The saying "you can't buy happiness with money" is one that we've all heard on more than one occasion. However, in reality, we all spend money, and for most of us, it is a finite resource. How can we spend our hard-earned money to make ourselves as happy as possible? Before making your next purchase, consider the beneficial insights from psychological studies about the relationship between wealth and happiness.
According to research
The best-known theory on this topic is that, yes, money can buy happiness - but only up to a point. This is based on research conducted in 2010 by Nobel laureates Daniel Kahneman and Angus Deaton, who discovered that emotional well-being increases with money. But the rise is logarithmic. In other words, a person's well-being improves slower and slower as their income rises. The evidence from Kahneman and Deaton also suggests that well-being stops escalating after income reaches roughly $75k.
The work "Experienced well-being rises with income, even above $75k per year" by Matthew Killingsworth (2021), which questions this finding, provides us with cause to believe that we should examine the relationship between money and happiness with one essential proviso. Here’s how you can buy happiness with money:
Being rich isn’t necessarily the path to happiness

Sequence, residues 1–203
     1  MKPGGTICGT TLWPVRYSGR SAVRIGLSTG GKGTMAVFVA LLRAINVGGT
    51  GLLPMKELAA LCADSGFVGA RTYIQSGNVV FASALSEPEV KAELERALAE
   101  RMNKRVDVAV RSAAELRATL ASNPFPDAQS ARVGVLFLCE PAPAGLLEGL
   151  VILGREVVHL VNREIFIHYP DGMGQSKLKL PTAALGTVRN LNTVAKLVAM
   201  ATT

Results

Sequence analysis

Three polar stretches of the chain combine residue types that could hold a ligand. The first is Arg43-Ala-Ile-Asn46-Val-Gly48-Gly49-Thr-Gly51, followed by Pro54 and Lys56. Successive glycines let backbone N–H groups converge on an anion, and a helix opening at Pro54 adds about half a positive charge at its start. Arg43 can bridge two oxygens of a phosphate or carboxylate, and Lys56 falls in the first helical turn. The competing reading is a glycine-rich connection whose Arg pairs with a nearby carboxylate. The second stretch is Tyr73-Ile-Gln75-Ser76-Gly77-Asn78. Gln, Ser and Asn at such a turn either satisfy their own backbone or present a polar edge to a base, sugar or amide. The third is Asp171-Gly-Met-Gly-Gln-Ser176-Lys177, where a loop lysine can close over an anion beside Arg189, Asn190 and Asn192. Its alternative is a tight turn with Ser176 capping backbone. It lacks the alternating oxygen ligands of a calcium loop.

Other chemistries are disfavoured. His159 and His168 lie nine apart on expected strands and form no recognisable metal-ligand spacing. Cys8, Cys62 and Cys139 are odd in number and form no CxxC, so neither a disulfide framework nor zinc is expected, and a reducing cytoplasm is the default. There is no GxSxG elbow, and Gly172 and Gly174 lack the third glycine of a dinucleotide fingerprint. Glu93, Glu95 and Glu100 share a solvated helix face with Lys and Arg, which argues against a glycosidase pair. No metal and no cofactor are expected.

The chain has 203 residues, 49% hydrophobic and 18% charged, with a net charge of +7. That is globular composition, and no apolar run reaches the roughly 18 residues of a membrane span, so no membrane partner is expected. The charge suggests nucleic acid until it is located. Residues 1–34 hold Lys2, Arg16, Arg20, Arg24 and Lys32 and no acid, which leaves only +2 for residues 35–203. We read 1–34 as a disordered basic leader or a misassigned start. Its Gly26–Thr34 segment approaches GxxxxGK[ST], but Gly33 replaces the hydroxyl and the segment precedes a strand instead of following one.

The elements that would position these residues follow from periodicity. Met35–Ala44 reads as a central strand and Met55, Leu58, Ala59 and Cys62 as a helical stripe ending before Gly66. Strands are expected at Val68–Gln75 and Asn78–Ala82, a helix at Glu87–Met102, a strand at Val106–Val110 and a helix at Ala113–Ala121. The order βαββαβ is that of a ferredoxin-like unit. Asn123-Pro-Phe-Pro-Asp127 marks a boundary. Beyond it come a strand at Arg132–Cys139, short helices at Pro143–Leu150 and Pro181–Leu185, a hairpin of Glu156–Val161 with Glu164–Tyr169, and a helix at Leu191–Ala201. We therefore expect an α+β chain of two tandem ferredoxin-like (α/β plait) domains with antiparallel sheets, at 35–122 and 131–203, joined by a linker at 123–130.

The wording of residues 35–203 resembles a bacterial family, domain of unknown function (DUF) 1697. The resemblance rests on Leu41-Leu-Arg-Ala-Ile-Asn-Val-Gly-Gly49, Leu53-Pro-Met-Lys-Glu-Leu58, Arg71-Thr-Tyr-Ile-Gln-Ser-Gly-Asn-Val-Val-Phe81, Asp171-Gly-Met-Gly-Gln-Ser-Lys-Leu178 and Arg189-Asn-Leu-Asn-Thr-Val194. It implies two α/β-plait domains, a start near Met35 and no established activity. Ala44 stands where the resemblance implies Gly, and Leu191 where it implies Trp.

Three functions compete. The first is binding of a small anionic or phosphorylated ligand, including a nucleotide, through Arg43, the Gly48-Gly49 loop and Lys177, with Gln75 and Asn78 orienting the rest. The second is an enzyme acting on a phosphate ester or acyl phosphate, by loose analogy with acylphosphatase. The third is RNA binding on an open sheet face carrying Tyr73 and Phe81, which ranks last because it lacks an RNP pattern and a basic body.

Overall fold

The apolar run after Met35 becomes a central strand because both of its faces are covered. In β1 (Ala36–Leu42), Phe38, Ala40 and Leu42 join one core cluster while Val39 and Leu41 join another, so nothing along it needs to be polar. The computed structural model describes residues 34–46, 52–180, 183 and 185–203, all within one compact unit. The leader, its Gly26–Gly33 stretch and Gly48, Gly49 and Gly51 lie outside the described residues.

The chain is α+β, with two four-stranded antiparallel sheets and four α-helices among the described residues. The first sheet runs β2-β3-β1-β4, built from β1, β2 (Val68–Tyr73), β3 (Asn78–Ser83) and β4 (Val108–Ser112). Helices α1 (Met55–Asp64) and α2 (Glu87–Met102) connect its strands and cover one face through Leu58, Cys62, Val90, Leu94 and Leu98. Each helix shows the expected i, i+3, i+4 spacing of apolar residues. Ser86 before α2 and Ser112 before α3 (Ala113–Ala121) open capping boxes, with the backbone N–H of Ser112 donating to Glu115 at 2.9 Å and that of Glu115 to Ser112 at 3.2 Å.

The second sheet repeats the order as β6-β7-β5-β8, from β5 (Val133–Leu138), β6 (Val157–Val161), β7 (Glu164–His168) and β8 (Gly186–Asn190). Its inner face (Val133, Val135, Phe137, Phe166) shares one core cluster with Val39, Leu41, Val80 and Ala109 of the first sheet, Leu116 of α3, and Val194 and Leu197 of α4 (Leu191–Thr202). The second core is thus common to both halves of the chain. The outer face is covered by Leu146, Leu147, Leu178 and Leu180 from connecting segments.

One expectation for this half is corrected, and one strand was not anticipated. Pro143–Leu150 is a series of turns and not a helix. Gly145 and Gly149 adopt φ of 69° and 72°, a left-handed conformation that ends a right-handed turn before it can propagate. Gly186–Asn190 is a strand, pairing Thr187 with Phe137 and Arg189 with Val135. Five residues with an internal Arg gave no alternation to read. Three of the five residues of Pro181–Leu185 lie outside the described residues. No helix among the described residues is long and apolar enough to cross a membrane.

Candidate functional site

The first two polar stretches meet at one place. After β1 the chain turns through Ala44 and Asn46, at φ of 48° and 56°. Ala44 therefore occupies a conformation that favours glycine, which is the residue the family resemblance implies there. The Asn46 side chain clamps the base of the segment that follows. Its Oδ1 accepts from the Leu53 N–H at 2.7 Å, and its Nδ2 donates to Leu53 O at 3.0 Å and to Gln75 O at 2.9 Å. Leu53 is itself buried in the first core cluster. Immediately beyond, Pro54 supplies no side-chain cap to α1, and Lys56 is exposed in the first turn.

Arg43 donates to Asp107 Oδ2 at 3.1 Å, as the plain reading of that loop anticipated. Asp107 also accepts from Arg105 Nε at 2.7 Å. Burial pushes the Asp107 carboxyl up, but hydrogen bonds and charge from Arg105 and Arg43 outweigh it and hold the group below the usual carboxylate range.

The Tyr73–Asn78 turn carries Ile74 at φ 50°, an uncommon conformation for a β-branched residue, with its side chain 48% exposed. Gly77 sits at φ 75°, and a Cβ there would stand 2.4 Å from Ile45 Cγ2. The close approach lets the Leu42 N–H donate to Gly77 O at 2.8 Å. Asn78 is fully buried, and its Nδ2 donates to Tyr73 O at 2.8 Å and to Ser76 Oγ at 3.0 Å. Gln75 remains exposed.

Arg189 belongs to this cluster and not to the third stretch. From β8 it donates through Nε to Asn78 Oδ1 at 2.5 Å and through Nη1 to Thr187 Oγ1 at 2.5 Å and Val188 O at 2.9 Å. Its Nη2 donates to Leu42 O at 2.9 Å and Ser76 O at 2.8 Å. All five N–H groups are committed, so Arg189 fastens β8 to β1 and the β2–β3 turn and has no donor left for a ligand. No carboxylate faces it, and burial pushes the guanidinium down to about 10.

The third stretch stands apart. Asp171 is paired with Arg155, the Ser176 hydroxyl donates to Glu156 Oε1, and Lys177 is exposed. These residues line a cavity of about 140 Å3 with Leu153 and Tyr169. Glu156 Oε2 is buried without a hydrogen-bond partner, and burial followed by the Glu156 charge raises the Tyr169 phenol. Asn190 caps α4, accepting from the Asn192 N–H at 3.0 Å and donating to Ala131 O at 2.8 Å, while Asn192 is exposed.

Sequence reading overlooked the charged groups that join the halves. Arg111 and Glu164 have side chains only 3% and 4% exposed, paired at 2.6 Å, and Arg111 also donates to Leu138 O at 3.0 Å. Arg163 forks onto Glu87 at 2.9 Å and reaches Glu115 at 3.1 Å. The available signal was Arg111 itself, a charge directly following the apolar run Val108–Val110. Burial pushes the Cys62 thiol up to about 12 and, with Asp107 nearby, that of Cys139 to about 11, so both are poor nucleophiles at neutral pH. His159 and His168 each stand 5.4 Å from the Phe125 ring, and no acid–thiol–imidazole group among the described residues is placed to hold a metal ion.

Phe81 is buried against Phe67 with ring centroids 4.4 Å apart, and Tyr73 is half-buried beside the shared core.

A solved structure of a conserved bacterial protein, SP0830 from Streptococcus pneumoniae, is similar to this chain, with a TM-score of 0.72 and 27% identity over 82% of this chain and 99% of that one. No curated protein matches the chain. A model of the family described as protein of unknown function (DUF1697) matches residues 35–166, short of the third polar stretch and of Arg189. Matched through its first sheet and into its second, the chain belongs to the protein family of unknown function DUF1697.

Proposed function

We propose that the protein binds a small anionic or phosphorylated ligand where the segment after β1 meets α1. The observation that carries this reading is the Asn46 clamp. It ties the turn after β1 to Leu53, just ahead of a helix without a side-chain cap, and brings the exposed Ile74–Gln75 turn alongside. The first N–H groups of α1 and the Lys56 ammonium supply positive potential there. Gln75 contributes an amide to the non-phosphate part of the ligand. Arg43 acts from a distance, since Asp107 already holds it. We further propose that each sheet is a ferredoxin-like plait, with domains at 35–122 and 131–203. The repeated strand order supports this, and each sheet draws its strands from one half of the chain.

Money is important to happiness. Ask anyone who doesn’t have it. Having a higher income, for example, can give us access to homes in safer neighborhoods, better health care and nutrition, fulfilling work, and more leisure time. However, this only works up to a certain point.
Once our income reaches a certain level and our basic needs for food, health care, safety, and shelter are met, the positive effects of money, such as buying your dream home, are often offset by the negative effects, such as working longer hours, or in more stressful jobs, to maintain that income.
Buy experiences rather than things
Most people experience an initial rush of pleasure when they buy something, but as they adapt to the new possession, their joy declines to its prior level. Some people keep on buying things to perpetuate the thrill of new purchases and are continually disappointed; material purchases rarely generate long-term happiness.
Consider spending money on others
Most people think spending money on themselves will make them happier than spending it on others. Yet, when researchers assess happiness before and after people spend an annual bonus, people report greater happiness when they spend the bonus money on others or donate it to charity than when they spend it on themselves. This occurs regardless of how big the bonus is. One reason for this phenomenon is that giving to others makes us feel good about ourselves.